Tag Archives: shrines

Death’s Mementos

Every day I am moved by roadside memorials to people who weren’t ready to die. People who were in the wrong place at the wrong time. They’re a constant reminder of how fragile we are—bits of bone wrapped in a flimsy shroud of a ridiculously unsuitable hide. We’re anything but fierce when up against poison, bullet, disease, or 3,000 pounds of steel, glass and chrome.

These two women touch my life almost every day. I did not know them but their memories live on. We should respect that.

Rose Johnson was a Bisbee artist who was enchanted by the island of Bali and traveled there in 2009. She died in a hospital in Denpasar on May 31, 2009 at age 48 from acute alcohol poisoning after consuming arak, a local alcoholic drink, which had been laced with the industrial solvent methanol. Twenty other people died a slow, painful death along with her that week. She does not have a traditional roadside shrine, but as a noted painter and muralist she has become a legend in Bisbee.

Mural by Rose Johnson along the Jonquil Motel in Bisbee

Peace Wall by Rose Johnson, Tombstone Canyon, Bisbee

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Stacia Barrett was a young rodeo rider. She died on March 30, 2005, one day before her 16th birthday. I can’t find an obituary for her, which is odd, but homemade roadside shrines are usually for victims of automobile accidents. This shrine, on a rural road in Hereford, Arizona, is very emotional, and always makes me think about her family, her friends, and her horse, and how very much they must miss her.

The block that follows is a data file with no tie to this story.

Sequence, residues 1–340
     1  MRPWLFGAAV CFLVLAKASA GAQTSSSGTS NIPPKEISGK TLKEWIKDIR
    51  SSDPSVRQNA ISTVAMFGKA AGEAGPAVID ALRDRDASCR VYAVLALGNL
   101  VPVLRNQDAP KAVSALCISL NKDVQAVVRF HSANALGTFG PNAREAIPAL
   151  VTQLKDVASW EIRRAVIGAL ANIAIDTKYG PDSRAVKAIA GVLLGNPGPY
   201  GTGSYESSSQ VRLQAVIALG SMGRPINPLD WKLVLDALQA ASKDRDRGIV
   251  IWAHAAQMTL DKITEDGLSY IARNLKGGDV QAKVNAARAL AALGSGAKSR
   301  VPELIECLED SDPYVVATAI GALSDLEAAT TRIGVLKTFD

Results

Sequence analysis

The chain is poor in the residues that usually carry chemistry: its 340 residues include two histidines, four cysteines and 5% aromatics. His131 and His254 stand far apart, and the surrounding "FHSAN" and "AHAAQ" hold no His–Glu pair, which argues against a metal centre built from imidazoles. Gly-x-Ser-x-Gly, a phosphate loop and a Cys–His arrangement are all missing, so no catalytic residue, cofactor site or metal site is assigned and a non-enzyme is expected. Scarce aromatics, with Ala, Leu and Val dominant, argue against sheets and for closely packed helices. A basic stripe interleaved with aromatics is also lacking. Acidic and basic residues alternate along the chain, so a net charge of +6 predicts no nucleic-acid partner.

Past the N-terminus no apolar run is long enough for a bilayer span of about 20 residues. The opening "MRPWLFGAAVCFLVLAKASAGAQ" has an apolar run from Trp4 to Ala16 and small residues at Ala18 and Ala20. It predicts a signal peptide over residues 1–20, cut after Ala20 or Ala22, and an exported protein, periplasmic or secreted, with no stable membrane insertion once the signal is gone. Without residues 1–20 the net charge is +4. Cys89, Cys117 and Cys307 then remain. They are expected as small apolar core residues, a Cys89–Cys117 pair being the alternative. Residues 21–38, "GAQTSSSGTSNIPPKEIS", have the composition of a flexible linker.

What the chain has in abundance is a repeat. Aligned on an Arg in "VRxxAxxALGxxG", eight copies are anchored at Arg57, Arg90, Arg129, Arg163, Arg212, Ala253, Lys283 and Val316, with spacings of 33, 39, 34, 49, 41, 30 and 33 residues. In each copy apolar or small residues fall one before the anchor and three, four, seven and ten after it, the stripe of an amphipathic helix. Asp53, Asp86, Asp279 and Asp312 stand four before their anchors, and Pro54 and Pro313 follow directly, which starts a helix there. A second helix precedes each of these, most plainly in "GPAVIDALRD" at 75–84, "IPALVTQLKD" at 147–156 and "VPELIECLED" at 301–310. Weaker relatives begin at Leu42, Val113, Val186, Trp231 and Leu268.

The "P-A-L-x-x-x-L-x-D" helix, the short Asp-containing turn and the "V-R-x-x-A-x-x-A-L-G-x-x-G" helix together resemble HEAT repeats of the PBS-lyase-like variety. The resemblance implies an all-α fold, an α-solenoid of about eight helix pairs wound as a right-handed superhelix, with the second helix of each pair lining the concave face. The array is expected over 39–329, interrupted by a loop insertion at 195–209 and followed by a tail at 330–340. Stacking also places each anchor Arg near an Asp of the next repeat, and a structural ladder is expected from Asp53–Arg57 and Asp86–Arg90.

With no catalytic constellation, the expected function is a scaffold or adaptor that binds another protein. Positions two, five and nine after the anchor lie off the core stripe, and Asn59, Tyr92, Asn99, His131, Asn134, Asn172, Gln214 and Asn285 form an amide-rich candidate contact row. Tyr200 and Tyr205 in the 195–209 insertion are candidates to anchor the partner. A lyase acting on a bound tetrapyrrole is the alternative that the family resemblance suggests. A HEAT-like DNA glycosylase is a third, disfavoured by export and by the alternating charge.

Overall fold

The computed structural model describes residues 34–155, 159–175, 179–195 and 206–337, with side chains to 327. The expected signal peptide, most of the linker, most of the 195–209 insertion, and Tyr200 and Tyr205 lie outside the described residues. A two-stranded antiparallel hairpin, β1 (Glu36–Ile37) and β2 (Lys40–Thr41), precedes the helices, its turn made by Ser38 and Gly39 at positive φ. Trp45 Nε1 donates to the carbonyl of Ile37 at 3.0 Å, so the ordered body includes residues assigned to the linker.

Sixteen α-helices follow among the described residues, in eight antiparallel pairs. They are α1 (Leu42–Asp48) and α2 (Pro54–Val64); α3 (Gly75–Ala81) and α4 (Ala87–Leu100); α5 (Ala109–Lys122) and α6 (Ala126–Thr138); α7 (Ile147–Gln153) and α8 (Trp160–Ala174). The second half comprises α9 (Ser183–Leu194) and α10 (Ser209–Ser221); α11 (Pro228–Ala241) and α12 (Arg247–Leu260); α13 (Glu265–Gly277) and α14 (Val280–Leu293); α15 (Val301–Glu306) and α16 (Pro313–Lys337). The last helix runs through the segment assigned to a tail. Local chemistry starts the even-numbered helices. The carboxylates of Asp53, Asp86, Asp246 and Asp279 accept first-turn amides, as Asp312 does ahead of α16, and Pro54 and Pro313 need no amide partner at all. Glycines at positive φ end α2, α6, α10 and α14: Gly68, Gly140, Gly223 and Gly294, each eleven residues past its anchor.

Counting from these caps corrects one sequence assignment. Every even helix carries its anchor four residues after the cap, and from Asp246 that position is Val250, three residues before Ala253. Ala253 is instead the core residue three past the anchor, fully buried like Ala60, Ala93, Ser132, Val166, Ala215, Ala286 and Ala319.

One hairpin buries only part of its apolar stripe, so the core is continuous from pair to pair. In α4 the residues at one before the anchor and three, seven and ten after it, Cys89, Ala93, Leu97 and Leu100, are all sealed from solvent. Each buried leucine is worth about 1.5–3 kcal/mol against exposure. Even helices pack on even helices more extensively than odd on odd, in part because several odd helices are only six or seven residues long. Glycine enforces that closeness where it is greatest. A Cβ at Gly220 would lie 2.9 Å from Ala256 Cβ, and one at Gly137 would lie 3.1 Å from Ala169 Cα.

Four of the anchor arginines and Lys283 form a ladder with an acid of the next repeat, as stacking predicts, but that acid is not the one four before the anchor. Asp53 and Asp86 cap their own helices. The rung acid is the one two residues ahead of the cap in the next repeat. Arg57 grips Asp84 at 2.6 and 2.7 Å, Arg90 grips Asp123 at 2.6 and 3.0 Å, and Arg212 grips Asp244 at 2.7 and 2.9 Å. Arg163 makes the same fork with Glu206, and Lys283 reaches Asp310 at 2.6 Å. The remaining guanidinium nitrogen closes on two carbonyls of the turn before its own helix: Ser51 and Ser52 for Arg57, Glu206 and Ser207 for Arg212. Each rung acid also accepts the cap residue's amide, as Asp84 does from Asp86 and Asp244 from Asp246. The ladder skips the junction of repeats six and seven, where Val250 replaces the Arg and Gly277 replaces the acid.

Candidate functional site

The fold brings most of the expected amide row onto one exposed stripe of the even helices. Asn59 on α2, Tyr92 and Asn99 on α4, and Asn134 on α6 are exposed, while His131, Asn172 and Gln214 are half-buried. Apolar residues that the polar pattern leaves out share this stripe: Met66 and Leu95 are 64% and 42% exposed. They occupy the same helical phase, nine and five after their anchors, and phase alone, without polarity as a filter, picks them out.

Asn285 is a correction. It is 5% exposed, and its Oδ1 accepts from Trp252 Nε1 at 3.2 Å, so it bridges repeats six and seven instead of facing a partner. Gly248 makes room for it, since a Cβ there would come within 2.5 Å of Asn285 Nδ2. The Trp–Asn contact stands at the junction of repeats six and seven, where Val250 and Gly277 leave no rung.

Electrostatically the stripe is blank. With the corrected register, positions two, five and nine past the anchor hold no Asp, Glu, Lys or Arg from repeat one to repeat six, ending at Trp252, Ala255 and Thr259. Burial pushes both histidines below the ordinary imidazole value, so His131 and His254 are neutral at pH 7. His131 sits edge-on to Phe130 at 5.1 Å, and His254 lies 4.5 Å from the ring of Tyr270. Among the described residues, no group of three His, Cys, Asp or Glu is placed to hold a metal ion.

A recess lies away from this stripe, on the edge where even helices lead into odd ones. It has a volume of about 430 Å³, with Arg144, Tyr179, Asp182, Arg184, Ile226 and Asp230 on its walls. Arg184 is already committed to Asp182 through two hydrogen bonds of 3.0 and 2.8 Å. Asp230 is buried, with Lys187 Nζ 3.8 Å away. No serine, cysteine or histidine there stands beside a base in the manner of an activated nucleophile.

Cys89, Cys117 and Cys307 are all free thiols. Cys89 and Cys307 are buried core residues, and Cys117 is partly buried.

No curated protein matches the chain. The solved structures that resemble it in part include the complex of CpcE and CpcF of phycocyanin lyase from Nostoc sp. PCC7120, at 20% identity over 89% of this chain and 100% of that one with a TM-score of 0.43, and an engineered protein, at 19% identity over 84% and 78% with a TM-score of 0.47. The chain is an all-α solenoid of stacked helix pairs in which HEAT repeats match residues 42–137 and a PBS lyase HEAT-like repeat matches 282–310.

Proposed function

Stacia's shrine, Hereford, AZ

Stacia's short life

Picture of Stacia riding her horse "Dollar" at a rodeo in Benson, AZ. Photo credit: http://iconwesternimages.com/

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In some states it’s illegal to construct roadside shrines, and other states want to abolish them. They say the shrines are a distraction to drivers, and the crosses which many of them display offend some people. Bullshit. Cellphones, texting, superloud music, fighting with your kids in the back seat, sleeping at the wheel, drunks and idiots are distractions. Building shrines to our dead is what humans do and have always done. The shrines become part of the scenery and should be honored.


The Dead of Route 92

You’d think the worst auto accidents would be on winding mountain roads where there’s barely enough room for two cars to get by each other, but the deaths mostly occur on the long straight state roads. The speed limits are already pretty high here because it takes so long to get where you’re going, but it’s never fast enough for people who want to fly.

On these long straight roads, the visibility is pretty good and there are plenty of places to pass. So nobody really knows why there are so many deaths, but there are, and there are shrines all over the place. I used to be a speeder but I’m not anymore.

Someone told me this well-kept shrine is for a group of young girls who died before I moved here, but it's easy to see that someones still misses them dearly.

This girl was on the back of a motorcycle.

This young man was going too fast around the curve near the Lavender Pit. He was not the first to die on this curve.

This shrine is near the post office on 92. Mother/daughter? Two sisters? I don't know.

Kevin was a friend to all and is missed very much by his family and the community. His accident happened at mile marker 31, Rt. 92, he died a few days later in a Tucson hospital.

Shrine to unknown person

Shrine to unknown person on Rt. 92 near Hereford...a family is missing their mom.

Shrine to person unknown to me